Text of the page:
It is a solemn matter to appoint a Herald to your household, for he will be with you, assuming your need for him continues, forever after. His presence alone can turn a simple sandwich into a solemn banquet. Never take a Herald on a picnic. (The Book of Weird)
I'm an Academic Herald. I'm not a "real" herald; I don't register people's coats of arms (though I can certainly suggest designs for those who might be interested). What I do is study, research, teach, and write about heraldry. And I like to share what I have learned about heraldry, hence this blog. I hope that you'll find it informative, interesting at least occasionally, and worth your time to come back. Got a question? Comments? Feel free to let me know. I'd love to hear from you. You can find my contact information in my Profile.
There are times that I just love living in this day and age. Occasionally, I think that living maybe fifty years from now might be even better, but still, what's happening now just amazes me.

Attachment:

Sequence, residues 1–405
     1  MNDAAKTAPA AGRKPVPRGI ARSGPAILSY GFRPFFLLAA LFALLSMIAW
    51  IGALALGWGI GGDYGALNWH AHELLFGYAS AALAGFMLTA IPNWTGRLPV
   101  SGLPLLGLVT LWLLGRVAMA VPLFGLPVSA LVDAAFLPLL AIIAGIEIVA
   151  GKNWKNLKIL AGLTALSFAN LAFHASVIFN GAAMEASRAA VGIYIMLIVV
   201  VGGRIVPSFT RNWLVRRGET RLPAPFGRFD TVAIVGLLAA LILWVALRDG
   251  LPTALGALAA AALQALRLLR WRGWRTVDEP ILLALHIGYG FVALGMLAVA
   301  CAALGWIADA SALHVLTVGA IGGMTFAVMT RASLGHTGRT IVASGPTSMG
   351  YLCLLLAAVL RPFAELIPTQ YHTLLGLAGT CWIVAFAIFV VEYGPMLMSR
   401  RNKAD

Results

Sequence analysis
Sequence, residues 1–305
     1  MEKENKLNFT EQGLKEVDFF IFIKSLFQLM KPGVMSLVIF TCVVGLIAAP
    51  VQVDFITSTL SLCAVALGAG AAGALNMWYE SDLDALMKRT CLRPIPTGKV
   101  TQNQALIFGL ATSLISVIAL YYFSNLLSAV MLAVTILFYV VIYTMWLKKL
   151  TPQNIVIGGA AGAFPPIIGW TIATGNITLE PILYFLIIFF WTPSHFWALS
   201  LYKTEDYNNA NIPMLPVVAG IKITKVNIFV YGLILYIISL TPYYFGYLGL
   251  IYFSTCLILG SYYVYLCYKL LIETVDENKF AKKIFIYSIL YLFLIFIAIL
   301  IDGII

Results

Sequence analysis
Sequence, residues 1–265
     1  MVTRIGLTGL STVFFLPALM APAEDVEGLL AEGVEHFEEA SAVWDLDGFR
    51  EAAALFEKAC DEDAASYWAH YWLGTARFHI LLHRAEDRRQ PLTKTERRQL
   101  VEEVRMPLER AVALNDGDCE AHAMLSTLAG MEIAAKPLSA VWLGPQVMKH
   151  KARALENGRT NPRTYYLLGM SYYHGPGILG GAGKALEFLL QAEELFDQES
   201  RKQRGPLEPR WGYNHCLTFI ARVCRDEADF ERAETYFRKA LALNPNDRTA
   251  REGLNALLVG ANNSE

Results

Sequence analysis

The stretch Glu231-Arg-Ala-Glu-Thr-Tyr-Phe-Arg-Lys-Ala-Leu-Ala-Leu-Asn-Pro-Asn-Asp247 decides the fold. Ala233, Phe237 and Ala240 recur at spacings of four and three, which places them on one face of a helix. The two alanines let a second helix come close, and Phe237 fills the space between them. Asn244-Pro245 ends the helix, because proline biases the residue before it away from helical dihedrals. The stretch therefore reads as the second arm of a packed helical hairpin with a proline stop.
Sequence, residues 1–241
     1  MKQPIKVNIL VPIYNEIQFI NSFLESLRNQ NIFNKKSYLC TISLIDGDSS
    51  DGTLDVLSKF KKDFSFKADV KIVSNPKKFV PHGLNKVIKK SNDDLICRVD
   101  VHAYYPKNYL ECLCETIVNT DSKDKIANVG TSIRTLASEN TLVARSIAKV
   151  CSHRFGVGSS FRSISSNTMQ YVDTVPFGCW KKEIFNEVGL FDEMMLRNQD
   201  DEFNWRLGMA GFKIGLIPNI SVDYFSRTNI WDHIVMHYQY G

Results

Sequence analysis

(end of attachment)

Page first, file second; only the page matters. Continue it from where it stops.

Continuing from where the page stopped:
In this specific case of "Wow!", I ran across a link on Facebook that led me to a page in England that showed me, among other things, this:
It seems that the Leicester Cathedral has digitized and uploaded the Book of Hours of Richard III (1482-1485). In addition, they have included in this high resolution .pdf file (yes, it's downloadable. Yes, I have a copy of it saved to my computer already, for more detailed review later) a copy of The Hours of Richard III by Anne F. Sutton and Livia Visser-Fuchs, published in 1990, a scholarly review of this Book of Hours. Key points in the original Book of Hours are linked to the interpretative text, so that the reader can move easily from one to the other.
A quick review of the Book did not show me any heraldry in it at all, but still, what a great thing to run across while cruising about the internet, just sitting here in my home (in one of my heraldic tee shirts - a version of the arms of the United States - and a pair of sweatpants. Or is that too much information?).